Art reference

Effects are similar to visiting physical art galleries or even nature experiences

Viewing works of art while visiting galleries and museums can have powerful effects on an individual’s mood, stress, and well-being. But is the same true for viewing art in the digital space? A new study by psychologists led by MacKenzie Trupp and Matthew Pelowski investigated whether engaging with online art also has this effect. Their conclusion: a short three-minute visit to an online artistic or cultural exhibition also shows significant positive effects on subjective well-being.

During the first wave of the Covid 19 pandemic, arts and cultural institutions quickly moved from fixed buildings to the Internet. For the first time, digital museums and online art galleries have caught the public’s attention. This had two effects: first, art and cultural objects were accessible from the sofas of citizens around the world. Second, the art was given the opportunity to reach a much wider audience than before.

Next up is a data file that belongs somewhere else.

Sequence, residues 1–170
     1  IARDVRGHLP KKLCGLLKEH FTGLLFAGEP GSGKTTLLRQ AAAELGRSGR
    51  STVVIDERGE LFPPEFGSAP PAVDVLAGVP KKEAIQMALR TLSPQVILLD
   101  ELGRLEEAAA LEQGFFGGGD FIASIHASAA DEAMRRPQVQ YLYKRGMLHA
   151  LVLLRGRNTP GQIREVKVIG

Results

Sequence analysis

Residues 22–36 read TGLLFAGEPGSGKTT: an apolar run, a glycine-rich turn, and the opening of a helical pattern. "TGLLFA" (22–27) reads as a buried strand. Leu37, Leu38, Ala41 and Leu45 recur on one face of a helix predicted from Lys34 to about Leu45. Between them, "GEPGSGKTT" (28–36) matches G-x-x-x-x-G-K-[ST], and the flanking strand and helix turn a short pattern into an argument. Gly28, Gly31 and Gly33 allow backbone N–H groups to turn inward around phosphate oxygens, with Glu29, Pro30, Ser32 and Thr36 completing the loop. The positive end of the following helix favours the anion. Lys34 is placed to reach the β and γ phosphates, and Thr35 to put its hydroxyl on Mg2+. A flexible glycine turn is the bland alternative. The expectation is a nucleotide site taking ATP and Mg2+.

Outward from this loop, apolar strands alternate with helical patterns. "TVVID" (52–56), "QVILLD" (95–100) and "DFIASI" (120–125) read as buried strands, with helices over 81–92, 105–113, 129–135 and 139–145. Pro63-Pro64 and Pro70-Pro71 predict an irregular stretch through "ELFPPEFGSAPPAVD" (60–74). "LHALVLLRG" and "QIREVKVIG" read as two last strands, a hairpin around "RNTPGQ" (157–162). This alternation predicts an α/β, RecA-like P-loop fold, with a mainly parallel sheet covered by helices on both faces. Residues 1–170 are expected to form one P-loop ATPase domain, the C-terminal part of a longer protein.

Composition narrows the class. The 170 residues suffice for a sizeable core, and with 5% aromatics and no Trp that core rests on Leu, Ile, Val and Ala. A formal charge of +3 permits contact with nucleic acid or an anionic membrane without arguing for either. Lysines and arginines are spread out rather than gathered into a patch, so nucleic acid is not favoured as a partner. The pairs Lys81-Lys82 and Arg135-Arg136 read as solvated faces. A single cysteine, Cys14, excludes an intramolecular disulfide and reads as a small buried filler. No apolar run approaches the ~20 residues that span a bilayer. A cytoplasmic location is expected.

Over the past decade, researchers have conducted numerous research studies demonstrating that art can have a positive impact on health and well-being. However, it was not known whether these effects could also be felt on the Internet.

In a new study, MacKenzie Trupp, PhD, Matthew Pelowski of the research group Arts and Research on the Transformation of Individuals and Society, and their colleagues from the Department of Psychology and the Max Planck Institute for Psycholinguistics asked participants to visit art exhibitions accessible via smartphones. , tablets and computers. Before and after the visit, psychological state and well-being were measured to determine how beneficial the viewing of art might be.

The results showed that even very brief viewings can have significant effects, leading to lower negative mood, anxiety and loneliness, as well as higher subjective well-being. These results were comparable to other interventions such as nature experiences and visits to physical art galleries. After further investigation, the personal subjective experiences of individuals became an important aspect to consider. The research team found that the more people found art meaningful or beautiful and the more positive feelings they had when looking at it, the greater the benefit.

These results demonstrate that a brief online art consultation can improve and support well-being. Additionally, this study emphasizes artistic interventions – a recommendation that can be implemented on location or adapted to individual viewers*. This opens new avenues for new research and applications in spaces such as waiting rooms, hospitals and rural areas where access to art is limited.

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